Tag Archives: @byzantinepower

The Ashta Nayika in Indian painting, some Krishna and Radha thoughts, Linus and Hinduism, and Byz Amb on “safe” sex

30 Dec

“The Ashta-Nayika is a collective name for eight types of nayikas or heroines as classified by Bharata in his Sanskrit treatise on performing artsNatya Shastra. The eight nayikas represent eight different states (avastha) in relationship to her hero or nayaka.[1] As archetypal states of the romantic heroine, it has been used as theme in Indian painting, literature, sculpture as well as Indian classical dance and music.”

Abhisharika-nayika takes an arduous journey on a starry night, in the dark to meet her lover. Mandi Himachal, ca 1815
Abhisarika nayika, “the heroine going to meet her lover”. She turns back to look at a golden anklet, which has just fallen off. There are also snakes below and lightning above
Khandita rebuking her lover
Proshita-patika mourning

The full taxonomy below. Assuming that Krishna and Radha come up very often as models for each of these erotic-psychic states, since their love manifests itself in almost every conceivable amorous form, from the most divine and exalted states of theosis, to the most delightfully petty states of betrayal, jealousy, spite, vengeance, longing and depressed insomnia, especially in the Gita Govinda. See also: Radha-Krishna.

1Vasakasajja Nayikaवासकसज्जा नायिकाOne dressed up for union
2Virahotkanthita Nayikaविरहोत्कंठिता नायिकाOne distressed by separation
3Svadhinabhartruka Nayikaस्वाधीनभर्तृका नायिकाOne having her husband in subjection
4Kalahantarita Nayikaकलहांतरिता नायिकाOne separated by quarrel
5Khandita Nayikaखंडिता नायिकाOne enraged with her lover
6Vipralabdha Nayikaविप्रलब्धा नायिकाOne deceived by her lover
7Proshitabhartruka Nayikaप्रोषितभर्तृका नायिकाOne with a sojourning husband
8Abhisarika Nayikaअभिसारिका नायिकाOne going to meet her lover

One of the most fun moment in the Gita Govinda is when Radha, suffering from Krishna’s sleep-around indiscretions with the gopis, the cow girls of Vrindavan, finds the strength to blow off Krishna, and immediately gets “hand” in the relationship, as we used to say, leaving the young prince-god stressed out, depressed and insomnia-plagued. Who hasn’t known the sweet pleasure of successfully turning the tables on somebody you’re involved with like that? I care nothing for your sufferings. as Heathcliff (or is it Catherine?) says in Wuthering Heights; or at least I’ll pretend that I don’t care. Then they reconcile and engage in some raunch-lite love, complete with bloody scratch marks on backs and bights and sloppy kisses… Great stuff, especially when we remember that this handsome young lover with a lover in his arms who’s salivating on his already sweaty, saffron-smeared chest is a manifestation of God himself, or, as the other …Gita tells us, the Very Principle of Existence Itself: “I am the taste of water.”

“And that, Charlie Brown, is what [Hindusim] is all about.”

‘Krishna and the Gopis on the Bank of the Yamuna River’; miniature painting from the ‘Tehri Garwhal’ Gita Govinda, circa 1775–1780
Krishna, Sleepless in Vrindavan. Manaku, 1730.
Henry Hopwood Phillips, @byzantinepower

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Catholic Madonnas and Orthodox Panagies, from the Byzantine Ambassador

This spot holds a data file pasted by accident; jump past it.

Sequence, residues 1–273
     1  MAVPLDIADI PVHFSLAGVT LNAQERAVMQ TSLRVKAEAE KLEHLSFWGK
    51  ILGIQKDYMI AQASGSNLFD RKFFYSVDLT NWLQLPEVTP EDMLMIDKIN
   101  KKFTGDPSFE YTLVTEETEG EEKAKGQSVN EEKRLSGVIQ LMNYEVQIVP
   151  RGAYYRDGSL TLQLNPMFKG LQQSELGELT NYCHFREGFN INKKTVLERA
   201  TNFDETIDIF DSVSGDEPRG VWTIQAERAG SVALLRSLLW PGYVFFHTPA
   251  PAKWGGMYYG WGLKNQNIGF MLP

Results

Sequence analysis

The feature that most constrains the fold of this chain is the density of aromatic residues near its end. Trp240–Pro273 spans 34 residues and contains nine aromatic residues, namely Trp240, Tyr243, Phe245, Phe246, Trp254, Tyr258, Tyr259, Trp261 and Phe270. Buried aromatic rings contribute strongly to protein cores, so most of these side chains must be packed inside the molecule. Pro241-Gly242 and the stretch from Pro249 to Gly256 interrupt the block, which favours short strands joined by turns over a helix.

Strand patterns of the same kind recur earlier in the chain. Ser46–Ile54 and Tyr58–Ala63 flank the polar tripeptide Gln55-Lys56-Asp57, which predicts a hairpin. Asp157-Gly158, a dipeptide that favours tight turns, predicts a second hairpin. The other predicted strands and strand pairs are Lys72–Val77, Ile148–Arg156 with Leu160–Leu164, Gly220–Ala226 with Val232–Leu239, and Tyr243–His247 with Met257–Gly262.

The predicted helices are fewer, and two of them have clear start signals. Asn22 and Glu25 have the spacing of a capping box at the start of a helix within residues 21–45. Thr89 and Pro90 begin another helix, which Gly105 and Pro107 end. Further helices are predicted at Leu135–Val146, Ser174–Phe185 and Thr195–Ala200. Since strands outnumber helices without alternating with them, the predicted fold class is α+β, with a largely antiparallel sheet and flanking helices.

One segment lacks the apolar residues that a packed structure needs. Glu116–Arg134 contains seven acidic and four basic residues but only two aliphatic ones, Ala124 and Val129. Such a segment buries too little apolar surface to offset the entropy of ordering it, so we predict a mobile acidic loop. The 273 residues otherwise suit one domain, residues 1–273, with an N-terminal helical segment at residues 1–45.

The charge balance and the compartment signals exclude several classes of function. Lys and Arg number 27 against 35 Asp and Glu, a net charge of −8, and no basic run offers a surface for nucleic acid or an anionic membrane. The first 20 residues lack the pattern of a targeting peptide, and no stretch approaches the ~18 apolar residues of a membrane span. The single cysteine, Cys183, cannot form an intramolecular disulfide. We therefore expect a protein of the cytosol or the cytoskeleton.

19 Nov

Screen Shot 2017-11-19 at 5.19.37 PM

Hmmm…  Need to think about that one.  It’s right but I don’t know why — which may be the most Orthodox answer.

I do talk about the themes of the “knowing submission” of Mary in a 2015 post: The Annunciation: “And I thank you for choosing me…”

Virgin of Kazan.jpgThe Virgin of Kazan’ — Russia’s “national” Bogoroditsa

In images of the Nativity, however, there is a serious difference.  While western Virgins are shown lovingly kneeling over their newborn Son, in traditional Orthodox representations, the midwives are taking care of the Child or the kings are bent over it, while Mary is lying in bed and turned the other way in a post-partem funk, which has always seemed more psychologically honest and astute to me, in a way that perhaps only abstraction in representation can convey.

After all, Mary knows how all this started and, undistracted by angels (been there, done that), kind shepherds or generous kings, is troubled by how it will end.  Is that a female perceptiveness and sensitivity that the Byzantine Ambassador nicely calls “taciturn authority.”?  The Nativity narration most of us are familiar with, Chapter 2 of Luke, begins:

And it came to pass in those days, that there went out a decree from Caesar Augustus that all the world should be taxed.

(And this taxing was first made when Cyrenius was governor of Syria.)

And all went to be taxed, every one into his own city.

And Joseph also went up from Galilee, out of the city of Nazareth, into Judaea, unto the city of David, which is called Bethlehem; (because he was of the house and lineage of David:)

To be taxed with Mary his espoused wife, being great with child.

…but does not end with Mary’s rejoicing, but rather with the slightly jarring:

19 But Mary kept all these things, and pondered them in her heart.

19 δὲ Μαριὰμ πάντα συνετήρει τὰ ῥήματα ταῦτα συμβάλλουσα ἐν τῇ καρδίᾳ αὐτῆς.

Nativity Byzantine Museum

And ‘cometh the moment, cometh the tweet’:

Screen Shot 2017-11-19 at 6.58.24 PM

Christmas fast started this past Wednesday and I totally forgot.  Other dates coming up.

Comment: nikobakos@gmail.com

 

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